We’re happy that you reached our website. Here you will find a series of articles that promote well-being and a sustainable way of life. Explore our site so you find inspiration to make a positive change in your life. Our reading material includes travel and tips plus ways to contribute in the making of a better world.
The more you cook, the healthier you live. Today’s world might demand so much of our daily time that we never seem to find the right amount of time to cook something by ourselves, and prefer picking something up at a restaurant or make a home delivery. But the reality is that people who frequently cook dinner at home consume fewer calories than those who cook less.
Those who frequently cook at home (6-7 times a week) consume fewer calories than when they go out for dinner. For example, adults who cook dinner at home only once per week end up consuming over 2,300 calories per day (including 84 grams of fat and 135 grams of sugar) - while home-cooking enthusiasts eat at least 150 fewer calories.
Cooking can also become a relaxing and liberating activity that people can enjoy whether by themselves or with company. They can find personal satisfaction in cooking as well as a feeling of accomplishment while disconnecting from their daily routine - cooking can give great pleasure to a person, and no longer becomes a chore.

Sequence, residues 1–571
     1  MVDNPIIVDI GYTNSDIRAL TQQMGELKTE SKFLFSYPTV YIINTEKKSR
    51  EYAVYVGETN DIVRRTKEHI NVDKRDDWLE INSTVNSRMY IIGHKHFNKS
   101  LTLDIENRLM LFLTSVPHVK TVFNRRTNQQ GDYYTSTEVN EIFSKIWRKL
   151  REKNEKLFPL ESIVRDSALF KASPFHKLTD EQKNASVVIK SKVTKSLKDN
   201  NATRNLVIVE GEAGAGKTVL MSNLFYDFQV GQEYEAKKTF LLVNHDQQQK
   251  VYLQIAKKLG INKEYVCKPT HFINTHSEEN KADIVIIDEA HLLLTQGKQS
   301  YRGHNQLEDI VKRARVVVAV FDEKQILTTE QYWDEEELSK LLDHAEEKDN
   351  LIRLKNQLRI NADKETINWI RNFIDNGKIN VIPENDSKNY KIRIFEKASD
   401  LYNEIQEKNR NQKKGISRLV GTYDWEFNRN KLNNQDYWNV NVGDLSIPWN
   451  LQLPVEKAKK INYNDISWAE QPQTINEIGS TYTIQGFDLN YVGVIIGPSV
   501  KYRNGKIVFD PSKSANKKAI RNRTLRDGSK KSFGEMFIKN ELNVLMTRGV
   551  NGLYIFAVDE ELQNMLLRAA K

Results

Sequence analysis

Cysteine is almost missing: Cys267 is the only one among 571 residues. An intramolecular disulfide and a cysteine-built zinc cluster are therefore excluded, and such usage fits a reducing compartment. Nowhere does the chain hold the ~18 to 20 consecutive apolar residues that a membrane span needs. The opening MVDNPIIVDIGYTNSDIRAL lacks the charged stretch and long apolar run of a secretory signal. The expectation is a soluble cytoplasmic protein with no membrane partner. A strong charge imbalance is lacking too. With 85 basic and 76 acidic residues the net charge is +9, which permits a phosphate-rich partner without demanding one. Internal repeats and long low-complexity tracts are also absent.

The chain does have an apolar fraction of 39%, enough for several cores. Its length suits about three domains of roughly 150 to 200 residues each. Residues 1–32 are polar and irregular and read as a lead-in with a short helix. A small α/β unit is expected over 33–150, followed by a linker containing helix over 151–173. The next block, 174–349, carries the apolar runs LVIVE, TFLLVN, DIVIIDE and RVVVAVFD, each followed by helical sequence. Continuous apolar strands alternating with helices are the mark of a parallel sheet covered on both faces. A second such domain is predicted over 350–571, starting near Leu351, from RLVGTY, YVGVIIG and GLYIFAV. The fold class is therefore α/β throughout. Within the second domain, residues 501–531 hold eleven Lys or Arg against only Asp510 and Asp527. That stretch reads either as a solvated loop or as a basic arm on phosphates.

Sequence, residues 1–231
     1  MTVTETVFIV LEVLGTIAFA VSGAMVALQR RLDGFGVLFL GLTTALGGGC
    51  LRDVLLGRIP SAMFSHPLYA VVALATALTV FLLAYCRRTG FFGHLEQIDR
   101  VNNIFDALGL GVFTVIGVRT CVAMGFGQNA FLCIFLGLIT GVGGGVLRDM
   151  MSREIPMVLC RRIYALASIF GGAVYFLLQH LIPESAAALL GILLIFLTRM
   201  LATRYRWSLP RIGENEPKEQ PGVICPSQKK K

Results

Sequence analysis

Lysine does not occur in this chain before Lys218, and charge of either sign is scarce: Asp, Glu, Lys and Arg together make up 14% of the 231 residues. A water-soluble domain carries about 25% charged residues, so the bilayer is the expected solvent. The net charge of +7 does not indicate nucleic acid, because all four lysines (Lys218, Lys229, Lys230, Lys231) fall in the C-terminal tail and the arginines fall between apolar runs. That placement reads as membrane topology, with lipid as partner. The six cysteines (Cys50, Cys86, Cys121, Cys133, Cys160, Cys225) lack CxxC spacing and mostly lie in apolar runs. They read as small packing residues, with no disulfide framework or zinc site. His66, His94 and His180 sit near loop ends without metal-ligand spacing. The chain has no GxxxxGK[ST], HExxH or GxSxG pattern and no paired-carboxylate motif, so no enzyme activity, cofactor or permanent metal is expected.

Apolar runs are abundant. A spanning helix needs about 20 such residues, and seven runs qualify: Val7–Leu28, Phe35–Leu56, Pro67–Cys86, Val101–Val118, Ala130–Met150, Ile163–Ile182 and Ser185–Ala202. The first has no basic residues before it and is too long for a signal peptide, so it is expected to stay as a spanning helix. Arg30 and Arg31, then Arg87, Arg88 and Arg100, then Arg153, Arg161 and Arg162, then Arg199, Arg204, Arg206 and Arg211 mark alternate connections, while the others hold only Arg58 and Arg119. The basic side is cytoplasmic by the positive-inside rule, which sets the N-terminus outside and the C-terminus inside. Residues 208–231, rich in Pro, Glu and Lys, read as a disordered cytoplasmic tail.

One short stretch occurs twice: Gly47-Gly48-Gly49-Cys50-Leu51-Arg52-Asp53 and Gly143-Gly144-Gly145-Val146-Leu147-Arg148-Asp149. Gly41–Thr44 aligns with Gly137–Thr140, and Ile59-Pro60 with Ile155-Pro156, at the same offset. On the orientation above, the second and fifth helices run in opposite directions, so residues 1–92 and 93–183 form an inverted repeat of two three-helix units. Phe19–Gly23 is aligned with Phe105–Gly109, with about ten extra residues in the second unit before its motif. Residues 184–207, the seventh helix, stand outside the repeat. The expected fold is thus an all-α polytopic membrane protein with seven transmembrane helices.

The good part about cooking is that there is a never-ending list of recipes which range in difficulty and experience. Cooking skills improve as people become more comfortable preparing individual and simple recipes. It is actually easier than most people think, and it can drastically improve your health and can be even cheaper and more fun than eating out!
Think of some of your favorite dishes you’ve eaten at a restaurant at one point in time and try recreating it. At the very least, you’ll come out with a fun story for your next real dinner party!
Most of us will never forget a scene in Star Wars, when Luke Skywalker lost an arm during a fight and a few scenes later we see him moving his fingers again – a robotic arm, responding to his every wish. Such ideas seemed like the remote future back in the 80’s; but today we are closer to seeing even stranger things become a reality. In this article we will review some of the most promising and state-of-the-art developments in medicine.
Researchers are close to making a bionic eye that can be inserted into a human head. They are using the latest 3D printing technology on a glass eye-shaped object. The sensors in the bionic eye convert light into electrical signals that researches hope to attach to nerves so the patient can recover his or her sight.
The Power of Music
Researchers in a university in Switzerland have developed special headphones for premature newborn babies. Given the rise of premature babies in most nations, this technology can help these babies develop a healthy brain. The newborns listen to three simple tracks (much simpler than Mozart) that support the baby’s daily rhythm of sleeping, waking and interaction with their environment.
NAO robots are designed to help stroke victims and the elderly to rehabilitate through gentle exercise and stretching. These robots guide people through simple motions at any time of the day, no breaks required! It can also be programmed to give information to residents in elderly homes about meals, the day’s agenda or even the top stories in the news!